David Foster's name is legendary in Howard County, but our picture of the real man has been blurred by time and tall tales. One story says he traded a wagonload of “liquid corn” to a Miami chieftain for a thousand acres of bottomland. Another says he used a jug of moonshine to encourage the county commissioners to choose his location for the county seat. Facts don’t support the stories, but the truth is still remarkable.
Foster was born to a family of Virginia Quakers. He trained as a cabinet maker, but found his vocation as a trader. He bought 600 acres of swampy, bug-infested land which had originally been deeded to a Miami chief. On that land, he became a leader in the establishment of the new county, its government, and its social life.
In 1844, Foster was the county’s first merchant and largest landowner. He lobbied for the establishment of the county seat, agreeing to donate 40 acres near his home on Wildcat Creek. Within the next year, the new county’s first court was convened and first sermon preached in his home. The sermon led directly to the establishment of Grace Methodist Church, which was built on land donated by Foster. He also gave land for the Normal School and the county’s first railroadne, and was a founding member of the county’s first bank.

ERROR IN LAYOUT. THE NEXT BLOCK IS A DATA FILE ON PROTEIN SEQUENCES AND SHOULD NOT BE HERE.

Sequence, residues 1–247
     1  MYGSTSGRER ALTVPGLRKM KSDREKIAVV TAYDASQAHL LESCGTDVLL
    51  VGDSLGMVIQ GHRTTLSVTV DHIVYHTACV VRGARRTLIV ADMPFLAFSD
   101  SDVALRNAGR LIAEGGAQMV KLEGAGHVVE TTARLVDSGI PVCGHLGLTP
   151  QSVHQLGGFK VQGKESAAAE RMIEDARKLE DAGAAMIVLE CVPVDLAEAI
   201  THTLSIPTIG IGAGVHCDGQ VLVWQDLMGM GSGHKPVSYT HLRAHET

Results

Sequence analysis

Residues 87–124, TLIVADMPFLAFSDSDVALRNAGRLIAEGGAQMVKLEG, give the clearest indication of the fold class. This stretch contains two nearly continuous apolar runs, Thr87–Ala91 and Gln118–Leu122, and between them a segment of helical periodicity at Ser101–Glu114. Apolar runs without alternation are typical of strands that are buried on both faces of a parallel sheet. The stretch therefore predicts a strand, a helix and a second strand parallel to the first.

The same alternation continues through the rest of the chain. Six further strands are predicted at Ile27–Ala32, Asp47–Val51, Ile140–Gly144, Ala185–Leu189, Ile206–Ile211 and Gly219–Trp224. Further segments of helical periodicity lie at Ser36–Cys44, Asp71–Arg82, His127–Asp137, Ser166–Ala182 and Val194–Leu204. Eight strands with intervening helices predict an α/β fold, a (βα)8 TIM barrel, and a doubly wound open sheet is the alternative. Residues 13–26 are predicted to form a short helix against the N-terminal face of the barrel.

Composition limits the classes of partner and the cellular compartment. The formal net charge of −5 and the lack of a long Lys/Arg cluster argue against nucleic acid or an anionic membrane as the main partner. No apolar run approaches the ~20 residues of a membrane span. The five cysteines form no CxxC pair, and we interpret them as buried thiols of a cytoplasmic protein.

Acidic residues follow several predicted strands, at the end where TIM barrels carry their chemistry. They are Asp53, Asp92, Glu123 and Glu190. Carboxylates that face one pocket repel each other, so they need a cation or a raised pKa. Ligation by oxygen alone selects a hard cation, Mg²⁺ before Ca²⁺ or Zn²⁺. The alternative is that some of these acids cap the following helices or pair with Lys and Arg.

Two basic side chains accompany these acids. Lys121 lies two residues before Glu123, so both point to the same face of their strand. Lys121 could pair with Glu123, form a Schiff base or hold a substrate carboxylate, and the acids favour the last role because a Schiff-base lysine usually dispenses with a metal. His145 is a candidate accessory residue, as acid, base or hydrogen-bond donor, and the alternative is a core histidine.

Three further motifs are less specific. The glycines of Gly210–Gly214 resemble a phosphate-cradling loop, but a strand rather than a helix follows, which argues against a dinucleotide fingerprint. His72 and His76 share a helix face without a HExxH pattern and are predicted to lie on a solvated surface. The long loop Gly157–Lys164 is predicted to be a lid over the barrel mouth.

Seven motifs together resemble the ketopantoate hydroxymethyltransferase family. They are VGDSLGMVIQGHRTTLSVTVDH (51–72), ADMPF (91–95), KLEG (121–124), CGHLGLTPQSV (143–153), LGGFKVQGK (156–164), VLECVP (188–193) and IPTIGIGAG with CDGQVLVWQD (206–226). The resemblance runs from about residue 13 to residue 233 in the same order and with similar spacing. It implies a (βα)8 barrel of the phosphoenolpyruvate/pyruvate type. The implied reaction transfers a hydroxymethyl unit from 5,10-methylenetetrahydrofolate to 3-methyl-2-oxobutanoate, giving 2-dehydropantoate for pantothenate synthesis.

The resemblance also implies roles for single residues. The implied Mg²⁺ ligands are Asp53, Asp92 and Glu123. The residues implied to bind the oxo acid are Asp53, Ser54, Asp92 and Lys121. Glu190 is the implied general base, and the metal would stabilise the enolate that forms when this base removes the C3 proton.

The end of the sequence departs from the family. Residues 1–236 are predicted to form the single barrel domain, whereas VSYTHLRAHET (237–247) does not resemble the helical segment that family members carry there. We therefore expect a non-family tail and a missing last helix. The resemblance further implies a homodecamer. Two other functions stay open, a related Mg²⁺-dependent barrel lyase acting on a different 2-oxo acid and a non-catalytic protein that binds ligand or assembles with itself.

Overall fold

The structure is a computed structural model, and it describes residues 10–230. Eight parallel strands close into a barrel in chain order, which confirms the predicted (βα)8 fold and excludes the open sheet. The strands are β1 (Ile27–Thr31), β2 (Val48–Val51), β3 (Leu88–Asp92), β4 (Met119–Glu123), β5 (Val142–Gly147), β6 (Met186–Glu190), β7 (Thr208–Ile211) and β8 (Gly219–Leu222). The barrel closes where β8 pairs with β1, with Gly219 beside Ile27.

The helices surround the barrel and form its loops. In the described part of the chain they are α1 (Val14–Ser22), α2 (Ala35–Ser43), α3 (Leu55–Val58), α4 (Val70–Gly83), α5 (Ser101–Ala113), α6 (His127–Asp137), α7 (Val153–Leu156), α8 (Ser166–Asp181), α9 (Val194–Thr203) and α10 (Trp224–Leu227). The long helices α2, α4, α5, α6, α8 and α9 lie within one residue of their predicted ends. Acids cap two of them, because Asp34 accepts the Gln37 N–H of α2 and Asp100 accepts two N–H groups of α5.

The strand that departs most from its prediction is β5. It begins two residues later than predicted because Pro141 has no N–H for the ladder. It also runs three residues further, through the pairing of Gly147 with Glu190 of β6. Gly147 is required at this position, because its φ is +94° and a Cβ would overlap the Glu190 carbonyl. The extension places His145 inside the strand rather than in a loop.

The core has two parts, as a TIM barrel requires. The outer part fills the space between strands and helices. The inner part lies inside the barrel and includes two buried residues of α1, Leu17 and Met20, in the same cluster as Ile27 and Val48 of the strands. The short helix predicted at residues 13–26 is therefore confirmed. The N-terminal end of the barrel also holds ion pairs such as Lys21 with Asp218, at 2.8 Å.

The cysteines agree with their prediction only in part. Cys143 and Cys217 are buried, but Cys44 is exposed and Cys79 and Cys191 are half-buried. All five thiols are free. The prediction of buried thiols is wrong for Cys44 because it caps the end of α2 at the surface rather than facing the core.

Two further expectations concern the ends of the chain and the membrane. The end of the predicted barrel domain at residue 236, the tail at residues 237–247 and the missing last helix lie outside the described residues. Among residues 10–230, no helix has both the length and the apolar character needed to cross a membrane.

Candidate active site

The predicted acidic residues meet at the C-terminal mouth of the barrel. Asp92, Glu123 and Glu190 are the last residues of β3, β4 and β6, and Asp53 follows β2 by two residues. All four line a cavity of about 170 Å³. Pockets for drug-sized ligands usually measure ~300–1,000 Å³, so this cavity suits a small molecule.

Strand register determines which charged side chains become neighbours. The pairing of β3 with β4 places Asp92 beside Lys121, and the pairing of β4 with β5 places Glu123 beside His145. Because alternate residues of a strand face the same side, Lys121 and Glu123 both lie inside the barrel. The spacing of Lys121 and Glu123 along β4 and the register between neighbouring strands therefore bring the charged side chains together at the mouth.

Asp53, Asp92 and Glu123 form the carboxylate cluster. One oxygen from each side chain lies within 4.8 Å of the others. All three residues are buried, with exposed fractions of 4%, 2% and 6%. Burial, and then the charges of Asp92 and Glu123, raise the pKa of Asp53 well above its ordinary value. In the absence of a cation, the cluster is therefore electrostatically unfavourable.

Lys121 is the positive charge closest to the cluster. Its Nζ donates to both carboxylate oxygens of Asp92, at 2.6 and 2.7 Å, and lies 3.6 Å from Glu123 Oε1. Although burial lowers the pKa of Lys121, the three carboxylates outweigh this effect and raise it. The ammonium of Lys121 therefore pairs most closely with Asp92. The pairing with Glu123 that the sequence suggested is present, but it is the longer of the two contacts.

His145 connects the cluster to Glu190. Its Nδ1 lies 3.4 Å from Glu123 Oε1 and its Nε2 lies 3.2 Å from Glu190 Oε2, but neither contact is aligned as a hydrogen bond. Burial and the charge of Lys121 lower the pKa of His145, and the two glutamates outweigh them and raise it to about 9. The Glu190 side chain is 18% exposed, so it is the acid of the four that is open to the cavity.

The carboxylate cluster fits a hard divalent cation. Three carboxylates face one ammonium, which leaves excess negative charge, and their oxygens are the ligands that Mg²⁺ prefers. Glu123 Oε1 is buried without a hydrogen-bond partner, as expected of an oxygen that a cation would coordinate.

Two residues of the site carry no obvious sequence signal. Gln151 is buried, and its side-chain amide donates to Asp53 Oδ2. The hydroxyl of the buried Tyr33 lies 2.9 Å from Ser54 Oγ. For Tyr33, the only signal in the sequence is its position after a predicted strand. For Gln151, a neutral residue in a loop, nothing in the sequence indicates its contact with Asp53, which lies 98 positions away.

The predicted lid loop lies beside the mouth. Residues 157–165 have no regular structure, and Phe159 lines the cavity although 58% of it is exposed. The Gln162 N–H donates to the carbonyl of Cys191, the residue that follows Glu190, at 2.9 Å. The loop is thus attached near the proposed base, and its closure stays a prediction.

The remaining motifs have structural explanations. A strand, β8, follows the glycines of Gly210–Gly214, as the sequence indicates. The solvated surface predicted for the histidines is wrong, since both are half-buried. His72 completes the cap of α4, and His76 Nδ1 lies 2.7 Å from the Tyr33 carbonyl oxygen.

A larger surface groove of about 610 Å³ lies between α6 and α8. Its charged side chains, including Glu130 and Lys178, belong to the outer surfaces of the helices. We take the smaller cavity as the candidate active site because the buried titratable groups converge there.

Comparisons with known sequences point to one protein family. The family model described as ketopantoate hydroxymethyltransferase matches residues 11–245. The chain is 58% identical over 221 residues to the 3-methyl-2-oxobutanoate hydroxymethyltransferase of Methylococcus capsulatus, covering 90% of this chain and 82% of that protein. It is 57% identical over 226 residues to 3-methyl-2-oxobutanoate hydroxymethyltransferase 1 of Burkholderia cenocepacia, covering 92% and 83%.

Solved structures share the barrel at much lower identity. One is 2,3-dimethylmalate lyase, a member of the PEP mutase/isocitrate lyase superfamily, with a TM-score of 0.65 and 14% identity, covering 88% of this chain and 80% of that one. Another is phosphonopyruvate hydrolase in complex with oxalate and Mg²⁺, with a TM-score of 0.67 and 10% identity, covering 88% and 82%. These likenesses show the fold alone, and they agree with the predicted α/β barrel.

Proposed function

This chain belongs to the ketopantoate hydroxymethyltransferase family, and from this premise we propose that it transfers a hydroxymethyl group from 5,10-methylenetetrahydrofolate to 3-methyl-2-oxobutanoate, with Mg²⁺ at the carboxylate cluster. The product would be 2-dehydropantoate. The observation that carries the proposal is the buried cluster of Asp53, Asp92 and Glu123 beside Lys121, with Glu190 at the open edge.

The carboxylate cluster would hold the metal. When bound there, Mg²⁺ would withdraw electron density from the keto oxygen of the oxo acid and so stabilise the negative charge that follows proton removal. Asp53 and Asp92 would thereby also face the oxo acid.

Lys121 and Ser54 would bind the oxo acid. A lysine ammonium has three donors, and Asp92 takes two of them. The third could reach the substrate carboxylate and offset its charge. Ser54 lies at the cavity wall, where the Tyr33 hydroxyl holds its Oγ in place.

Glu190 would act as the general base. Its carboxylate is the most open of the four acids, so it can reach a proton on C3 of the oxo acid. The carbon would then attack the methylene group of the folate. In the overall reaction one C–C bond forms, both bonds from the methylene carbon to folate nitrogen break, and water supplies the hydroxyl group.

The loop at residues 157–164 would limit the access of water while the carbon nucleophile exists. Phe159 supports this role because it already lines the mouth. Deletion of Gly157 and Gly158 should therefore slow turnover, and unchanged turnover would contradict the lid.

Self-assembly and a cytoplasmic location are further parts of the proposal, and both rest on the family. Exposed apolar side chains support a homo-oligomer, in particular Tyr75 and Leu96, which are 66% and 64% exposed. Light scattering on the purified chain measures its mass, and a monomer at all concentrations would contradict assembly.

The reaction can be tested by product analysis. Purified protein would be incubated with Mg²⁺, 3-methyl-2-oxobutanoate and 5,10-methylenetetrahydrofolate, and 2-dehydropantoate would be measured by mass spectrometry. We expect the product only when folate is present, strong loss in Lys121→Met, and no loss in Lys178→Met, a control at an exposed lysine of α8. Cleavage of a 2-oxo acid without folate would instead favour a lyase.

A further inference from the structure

In their lifetimes, David and Elizabeth Foster saw the wetlands drained and turned to agriculture. The county grew from a handful of pioneers to more than 12,000 citizens, and Kokomo went from 2 to 4,000. They saw the first log courthouse give way to a beautiful Victorian structure. The first newspaper was established, the Masonic Lodge was chartered (with Foster as a member), and Kokomo High School graduated its first class. The railroad came and the Vermont Covered Bridge was built. And they watched as Howard County sent its sons, one of them Foster’s own, off to fight in the Civil War. The county is built on a foundation they laid.
David and Elizabeth are passing though eternity in Crown Point Cemetery, not far from the Wildcat Creek they loved.